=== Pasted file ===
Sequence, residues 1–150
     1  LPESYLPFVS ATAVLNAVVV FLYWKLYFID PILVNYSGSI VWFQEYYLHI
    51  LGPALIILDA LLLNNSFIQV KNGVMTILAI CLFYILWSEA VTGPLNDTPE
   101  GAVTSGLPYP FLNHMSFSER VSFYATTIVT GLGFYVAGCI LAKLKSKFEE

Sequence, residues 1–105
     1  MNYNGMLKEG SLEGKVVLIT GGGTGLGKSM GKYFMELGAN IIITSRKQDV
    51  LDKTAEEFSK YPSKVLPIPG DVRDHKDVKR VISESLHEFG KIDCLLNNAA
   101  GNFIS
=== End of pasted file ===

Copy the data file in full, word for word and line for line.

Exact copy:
Sequence, residues 1–150
     1  LPESYLPFVS ATAVLNAVVV FLYWKLYFID PILVNYSGSI VWFQEYYLHI
    51  LGPALIILDA LLLNNSFIQV KNGVMTILAI CLFYILWSEA VTGPLNDTPE
   101  GAVTSGLPYP FLNHMSFSER VSFYATTIVT GLGFYVAGCI LAKLKSKFEE

Sequence, residues 1–105
     1  MNYNGMLKEG SLEGKVVLIT GGGTGLGKSM GKYFMELGAN IIITSRKQDV
    51  LDKTAEEFSK YPSKVLPIPG DVRDHKDVKR VISESLHEFG KIDCLLNNAA
   101  GNFIS